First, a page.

Company: Joesoft, Inc.
Hear is an application for Macs that will dramatically improve the quality of the sound coming from your computer’s speakers. It doesn’t matter whether the sound is music, dialogue from a movie, or an Internet telephone conversation with your friend in Scotland. Even using the default settings in Hear, everything will sound richer and clearer.
Hear is somewhat like the digital sound processor built into iTunes, but it’s like iTunes on steroids.
In iTunes, users can click on a track title, right click and go to Information and Options to reach the equalizer presets and assign settings such as bass reducer, vocal, classical, and so forth, any one of which will change the characteristics of the sound coming through your speakers. You can do the same thing (and much more) in Hear, and the results are noticeably more sophisticated. I immediately noticed that the music I was listening to had greater depth and dimension. You can also change the settings by indicating whether you are listening through speakers or with earphones.
Hear is easy to use, up to a point. Which is to say you can make it as simple or as complicated as you like. If you have a lot of time on your hands and want to tinker or experiment to see what it’s like to be an audio engineer, Hear has enough settings to keep you happy for at last 72 sleepless hours. You’ll find icons for General settings, EQ, Mixer, Ambiance, 3D, Maximizer, Fidelity, Speaker and sub. There are others.
You can make multiple adjustments to any of the settings under each tab, and you can also go to the Help menu to find out what they mean. Sort of. The explanations are not particularly helpful to the ordinary consumer (read: me) and probably not necessary for the true audiophile. A glossary would be very helpful. I felt most comfortable using the presets.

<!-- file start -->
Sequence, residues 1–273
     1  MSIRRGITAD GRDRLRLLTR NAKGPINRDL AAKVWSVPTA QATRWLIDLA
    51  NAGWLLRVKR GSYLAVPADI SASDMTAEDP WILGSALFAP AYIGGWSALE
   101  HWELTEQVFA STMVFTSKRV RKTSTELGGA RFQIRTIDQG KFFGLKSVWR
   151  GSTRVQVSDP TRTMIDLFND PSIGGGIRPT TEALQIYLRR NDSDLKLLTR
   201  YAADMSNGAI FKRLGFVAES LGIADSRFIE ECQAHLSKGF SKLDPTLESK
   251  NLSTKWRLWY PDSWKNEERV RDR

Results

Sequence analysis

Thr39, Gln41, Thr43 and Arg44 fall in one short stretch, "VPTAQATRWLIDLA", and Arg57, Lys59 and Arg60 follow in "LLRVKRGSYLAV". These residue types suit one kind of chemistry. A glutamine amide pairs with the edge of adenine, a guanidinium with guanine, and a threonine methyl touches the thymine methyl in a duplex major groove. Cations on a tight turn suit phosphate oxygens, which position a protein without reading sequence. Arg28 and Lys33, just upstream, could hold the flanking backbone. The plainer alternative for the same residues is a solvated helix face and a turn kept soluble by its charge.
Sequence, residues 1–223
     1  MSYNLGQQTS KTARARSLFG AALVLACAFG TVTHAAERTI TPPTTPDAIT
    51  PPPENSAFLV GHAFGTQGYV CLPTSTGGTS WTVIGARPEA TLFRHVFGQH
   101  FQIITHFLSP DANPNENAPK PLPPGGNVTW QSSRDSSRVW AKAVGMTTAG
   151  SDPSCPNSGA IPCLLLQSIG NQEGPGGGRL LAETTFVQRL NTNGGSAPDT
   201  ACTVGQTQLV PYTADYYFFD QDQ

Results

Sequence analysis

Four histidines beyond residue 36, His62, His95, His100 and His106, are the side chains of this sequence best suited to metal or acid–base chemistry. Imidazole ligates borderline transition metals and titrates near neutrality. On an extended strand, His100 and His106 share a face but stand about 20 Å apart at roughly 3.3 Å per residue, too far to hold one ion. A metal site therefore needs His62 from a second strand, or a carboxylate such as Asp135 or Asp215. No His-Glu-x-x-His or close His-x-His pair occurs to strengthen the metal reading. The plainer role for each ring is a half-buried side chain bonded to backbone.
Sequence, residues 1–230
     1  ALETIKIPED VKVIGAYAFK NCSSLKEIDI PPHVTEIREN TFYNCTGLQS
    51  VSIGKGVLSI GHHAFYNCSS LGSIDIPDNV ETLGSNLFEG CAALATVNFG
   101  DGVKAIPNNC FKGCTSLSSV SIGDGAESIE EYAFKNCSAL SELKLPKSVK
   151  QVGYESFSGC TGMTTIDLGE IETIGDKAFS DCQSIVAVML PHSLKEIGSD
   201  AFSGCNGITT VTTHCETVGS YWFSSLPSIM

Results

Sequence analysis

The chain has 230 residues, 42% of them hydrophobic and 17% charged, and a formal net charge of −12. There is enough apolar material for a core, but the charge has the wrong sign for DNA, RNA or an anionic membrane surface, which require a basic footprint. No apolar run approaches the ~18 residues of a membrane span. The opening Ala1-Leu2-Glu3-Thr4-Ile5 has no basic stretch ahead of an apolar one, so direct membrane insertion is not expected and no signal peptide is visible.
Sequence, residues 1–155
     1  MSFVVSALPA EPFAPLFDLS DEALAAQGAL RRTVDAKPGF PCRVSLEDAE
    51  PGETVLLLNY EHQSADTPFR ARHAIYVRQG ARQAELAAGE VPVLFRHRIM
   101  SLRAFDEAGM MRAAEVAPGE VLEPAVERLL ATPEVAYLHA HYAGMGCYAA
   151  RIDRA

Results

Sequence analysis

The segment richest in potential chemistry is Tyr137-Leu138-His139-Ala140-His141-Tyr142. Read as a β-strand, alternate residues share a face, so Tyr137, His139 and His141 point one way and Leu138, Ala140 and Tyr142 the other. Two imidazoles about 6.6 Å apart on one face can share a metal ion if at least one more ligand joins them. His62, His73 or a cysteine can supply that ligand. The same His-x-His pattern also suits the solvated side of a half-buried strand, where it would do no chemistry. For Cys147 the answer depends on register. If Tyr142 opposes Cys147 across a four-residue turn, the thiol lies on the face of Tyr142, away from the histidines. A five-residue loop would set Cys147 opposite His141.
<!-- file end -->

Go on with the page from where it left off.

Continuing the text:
If you’re watching a movie and don’t have surround sound, Hear has a setting that will make your system sound like you do. If you don’t have speakers linked to a subwoofer, no problem. Hear will make your speakers sound like you have a fine subwoofer attached.
Hear allows you to change settings depending on what you’re listening to, but there is no way to assign track by track settings. So if you’re listening to a compilation that includes some vocal music followed by some orchestral or rock music, you have to keep going back to Hear to change presets (or other settings for each type of sound). I hope Joesoft, the creators of this program, eventually changes that.
The application does enable you to assign different characteristics to different programs. This means that once you set up your Mail app, for example, you won’t hear a loud obnoxious burp while you’re listening to music. If you happen to like a little burp with your Beethoven, however, be my guest. You can arrange it in Hear.